Sermon, March 31, 2019
2 Corinthians 5:16-21
Luke 15: 1-3; 11b-32
Excuse Me, Did You Know Him? “The Ring”
Here we are mid-lent and it calls for a bit of a celebration because lent can be a challenging time for, we who journey to the cross with Jesus. Challenging because we hear the Pharisees grumbling about this fellow who welcomes sinners and eats with them and we know where this leads. The people don’t know who Jesus really is and frustratingly, Jesus calls himself a prophet, a rabbi, a son of man.
We who have read the back of the book, so to speak, know what is ahead. Good Friday isn’t the last chapter. I’m looking forward to Easter more so this Lent because I have been with you on this Lenten journey. We know resentment is all around Jesus, and we know God has the last word.
Anyway, I digress for we are still on a journey to Jerusalem. Our journey continues as Jesus meets the tax collectors and sinners as they draw near to him and as the Pharisees grumble and point to Jesus’ faults known to them alone. Parables are a wonderful way to explain something and Jesus uses them often. In this parable, it was not so much the value of the ring the father gives the Prodigal, although very likely it was the most precious possession the family had in both the monetary and sentimental senses of the word. It was the betrayal the brother felt at the gift. I can totally understand where he was coming from. I cared for my parents in their old age and my brother came and swept my inheritance away to Arkansas. I understand the anger and the betrayal that a sibling can bring to a relationship with the Father.
Jesus is speaking to tax collectors and sinners who are marginalized in society and even shunned by self-satisfied and smug, rigidly religious people. The Pharisees are unable and incapable of hearing Jesus’ radical message of God’s acceptance of sinners.
How do we bring our life into the parable and what is Jesus trying to teach the sinners and tax collectors? How do we bring ourselves into the parable? Religious smugness may be the worst kind of sin, I’m thinking, and the Pharisees are forever lurking in the background gathering fuel for the crucifixion. The parable is trying to tell us about a God who has an all-encompassing love, forgiveness and calls us to ever-pursue this love of God. Neither son in the story, originally has a real relationship with the father (who is depicted as God). The younger son views the father as a source from which he can derive sufficient funds to live as a prodigal who by the way, is an addict to wasteful living; extravagance, bountiful and lavish living. He treats the father as if already dead and takes his father’s goodness for granted and abuses him. I know this action to be true to many who are addicted to drugs or alcohol. Ones focus is only on how to feed the habit.
The elder son can relate to his father only in a sense of being duty-bound. He feels more like a slave than a son. He has never really experienced the love and generosity of his father having these duty-bound feelings that are really his own. Many might understand the relationship of the sons and the way that they relate to God, the Father. Is that what Jesus is telling us in the parable? For they probably didn’t have a true sense of who God is for them only a duty-bound one or a gimme, gimme relationship. Perhaps God is calling them and we who hear, away from having a distant unknown relationship to a close intimate relationship.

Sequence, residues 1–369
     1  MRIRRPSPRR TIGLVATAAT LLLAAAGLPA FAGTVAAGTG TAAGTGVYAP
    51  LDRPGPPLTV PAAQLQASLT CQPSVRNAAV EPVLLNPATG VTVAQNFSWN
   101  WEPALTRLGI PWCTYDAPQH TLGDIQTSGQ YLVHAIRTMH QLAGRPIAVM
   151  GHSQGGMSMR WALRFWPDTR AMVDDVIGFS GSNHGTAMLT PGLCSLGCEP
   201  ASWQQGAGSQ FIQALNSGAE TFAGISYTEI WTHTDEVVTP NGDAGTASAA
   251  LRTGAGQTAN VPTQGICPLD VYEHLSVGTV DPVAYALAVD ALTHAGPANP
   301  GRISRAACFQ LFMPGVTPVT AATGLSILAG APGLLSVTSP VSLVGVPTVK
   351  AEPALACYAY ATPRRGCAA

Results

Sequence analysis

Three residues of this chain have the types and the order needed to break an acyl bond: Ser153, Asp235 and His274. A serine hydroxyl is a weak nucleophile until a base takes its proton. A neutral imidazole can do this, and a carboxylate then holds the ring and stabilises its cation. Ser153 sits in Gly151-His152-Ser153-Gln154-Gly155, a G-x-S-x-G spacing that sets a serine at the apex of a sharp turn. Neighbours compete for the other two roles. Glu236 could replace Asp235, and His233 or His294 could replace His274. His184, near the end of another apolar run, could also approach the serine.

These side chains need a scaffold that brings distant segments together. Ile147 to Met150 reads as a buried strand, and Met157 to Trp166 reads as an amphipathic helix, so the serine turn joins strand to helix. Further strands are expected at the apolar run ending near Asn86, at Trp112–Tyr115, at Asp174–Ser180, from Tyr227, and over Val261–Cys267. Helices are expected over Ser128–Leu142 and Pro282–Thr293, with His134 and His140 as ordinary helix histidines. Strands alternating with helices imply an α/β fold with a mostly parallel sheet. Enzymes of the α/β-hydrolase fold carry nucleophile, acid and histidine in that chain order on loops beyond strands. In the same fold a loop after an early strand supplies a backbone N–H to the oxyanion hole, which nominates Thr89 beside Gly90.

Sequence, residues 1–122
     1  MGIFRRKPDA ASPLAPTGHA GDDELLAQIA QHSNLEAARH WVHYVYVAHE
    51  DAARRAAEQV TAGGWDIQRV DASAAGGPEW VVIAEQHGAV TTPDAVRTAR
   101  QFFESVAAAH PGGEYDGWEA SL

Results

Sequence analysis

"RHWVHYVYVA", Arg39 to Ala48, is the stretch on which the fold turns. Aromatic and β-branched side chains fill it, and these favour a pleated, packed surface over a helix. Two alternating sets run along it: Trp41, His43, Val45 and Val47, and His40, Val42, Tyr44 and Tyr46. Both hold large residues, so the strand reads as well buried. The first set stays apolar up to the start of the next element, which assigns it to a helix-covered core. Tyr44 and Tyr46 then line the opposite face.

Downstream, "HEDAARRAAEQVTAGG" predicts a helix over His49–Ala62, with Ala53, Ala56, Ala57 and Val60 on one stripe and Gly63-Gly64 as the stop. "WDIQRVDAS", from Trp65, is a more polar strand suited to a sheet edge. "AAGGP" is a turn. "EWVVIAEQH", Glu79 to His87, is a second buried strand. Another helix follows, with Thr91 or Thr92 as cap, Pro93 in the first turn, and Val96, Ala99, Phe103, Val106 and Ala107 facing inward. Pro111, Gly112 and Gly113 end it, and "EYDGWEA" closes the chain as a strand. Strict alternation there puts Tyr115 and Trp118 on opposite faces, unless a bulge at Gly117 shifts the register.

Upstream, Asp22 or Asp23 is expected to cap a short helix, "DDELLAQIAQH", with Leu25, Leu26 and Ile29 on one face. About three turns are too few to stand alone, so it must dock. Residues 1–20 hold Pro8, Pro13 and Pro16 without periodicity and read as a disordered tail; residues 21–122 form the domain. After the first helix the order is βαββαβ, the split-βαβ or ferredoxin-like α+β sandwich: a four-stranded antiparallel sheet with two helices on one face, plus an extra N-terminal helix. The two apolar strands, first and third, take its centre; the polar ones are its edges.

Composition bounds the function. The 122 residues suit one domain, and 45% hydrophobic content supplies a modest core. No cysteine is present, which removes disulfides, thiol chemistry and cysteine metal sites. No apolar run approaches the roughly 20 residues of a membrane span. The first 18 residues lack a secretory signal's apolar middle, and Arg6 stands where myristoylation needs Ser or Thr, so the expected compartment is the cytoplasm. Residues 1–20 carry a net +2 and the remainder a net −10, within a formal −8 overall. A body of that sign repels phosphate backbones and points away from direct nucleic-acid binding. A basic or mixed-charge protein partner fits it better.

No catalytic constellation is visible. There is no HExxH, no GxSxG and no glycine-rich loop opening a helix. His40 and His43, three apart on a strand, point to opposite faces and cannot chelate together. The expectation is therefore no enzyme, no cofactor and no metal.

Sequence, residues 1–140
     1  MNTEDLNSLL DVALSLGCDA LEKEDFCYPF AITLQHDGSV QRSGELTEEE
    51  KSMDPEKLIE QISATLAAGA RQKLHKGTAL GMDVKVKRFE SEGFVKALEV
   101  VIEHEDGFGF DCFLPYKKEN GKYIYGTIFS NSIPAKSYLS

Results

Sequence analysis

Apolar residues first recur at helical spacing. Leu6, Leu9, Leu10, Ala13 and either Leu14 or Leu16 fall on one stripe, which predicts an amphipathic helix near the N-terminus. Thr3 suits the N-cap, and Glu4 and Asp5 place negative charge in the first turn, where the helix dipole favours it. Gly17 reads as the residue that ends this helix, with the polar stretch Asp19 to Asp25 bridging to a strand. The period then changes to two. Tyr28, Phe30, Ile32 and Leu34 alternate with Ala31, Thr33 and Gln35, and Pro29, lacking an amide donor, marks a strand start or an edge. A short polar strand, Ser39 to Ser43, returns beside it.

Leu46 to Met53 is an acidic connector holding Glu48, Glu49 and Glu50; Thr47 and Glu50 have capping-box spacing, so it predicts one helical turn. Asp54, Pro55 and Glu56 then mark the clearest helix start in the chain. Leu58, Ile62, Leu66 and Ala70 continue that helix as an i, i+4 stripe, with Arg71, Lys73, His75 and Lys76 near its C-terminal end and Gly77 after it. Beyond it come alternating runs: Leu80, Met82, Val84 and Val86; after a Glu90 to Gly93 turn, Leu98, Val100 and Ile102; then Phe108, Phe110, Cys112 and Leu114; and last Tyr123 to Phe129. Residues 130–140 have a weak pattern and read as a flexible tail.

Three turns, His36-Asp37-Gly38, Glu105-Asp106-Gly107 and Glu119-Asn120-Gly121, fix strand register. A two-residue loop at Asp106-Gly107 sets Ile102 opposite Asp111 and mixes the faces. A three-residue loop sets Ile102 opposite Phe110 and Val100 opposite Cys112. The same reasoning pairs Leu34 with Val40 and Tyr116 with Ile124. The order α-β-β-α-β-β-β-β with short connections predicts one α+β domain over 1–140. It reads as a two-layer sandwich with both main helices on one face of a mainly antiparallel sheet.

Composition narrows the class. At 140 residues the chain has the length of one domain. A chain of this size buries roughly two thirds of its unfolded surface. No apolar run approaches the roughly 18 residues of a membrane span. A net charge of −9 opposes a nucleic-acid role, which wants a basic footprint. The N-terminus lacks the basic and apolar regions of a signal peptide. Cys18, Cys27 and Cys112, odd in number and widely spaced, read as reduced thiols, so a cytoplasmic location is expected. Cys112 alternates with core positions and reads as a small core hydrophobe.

The younger son came to himself as he pondered the reality of the person of his father. We can hear in the parable that God’s goodness means we are forgiven and invited to celebrate with God a new and loving relationship. Moreover, we can stand with the older son, overly secure in the knowledge of our faithfulness in service to God. Some could see themselves as not in need of God’s grace at all, thinking they do not sin. God calls us into the joyful arms of the father having a new sense of God’s goodness. We might stand apart from God either as a sinner like the younger son or as religiously superior as the elder son. Neither is a comfortable place for me. If I say, no not me, I don’t sin, then I am putting myself in a superior place like the elder son. Lent is about making us squirm in our seat. Lent is about God wanting a new relationship characterized by joy rather than greed or mere duty.
The parable has more to offer than anger over the ring. If we live long enough to have found ourselves ‘lost’ ourselves — perhaps more than once — and if we are fortunate, like the younger son, to have been ‘welcomed home’ with open arms. If we have children of our own who have certainly experienced their own hearts being broken and as beloved children have found ways to get themselves lost and (hopefully) found again. Our hope for them would be that while we may see ourselves in the ‘older son,’ we might also recognize that he was as ‘lost’ — maybe more so — than his younger brother ever was. And that the great yearning of this parable is that we might allow ourselves to be ‘welcomed home’ as well.
For we know this is so, don’t we? One can surely get ‘lost in place.’ One does not have to travel far distances or squander huge fortunes to be as ‘lost’ in our relationship to one another and God as was the younger son in the parable. Only because it is less obvious if you are ‘lost’ in this way, you may never even have to admit it. And never admitting it? You also never know the wonderful ‘grace’ of being found. Of coming home again. And so, it would seem that the younger brother in the story is the fortunate one for he has experienced the wondrous grace of the ‘welcome home.’ Some among us can see ourselves in him. But for many, I expect, we are more like that older brother whose ‘end of the story’ is still untold. And Jesus journeys on…. Amen.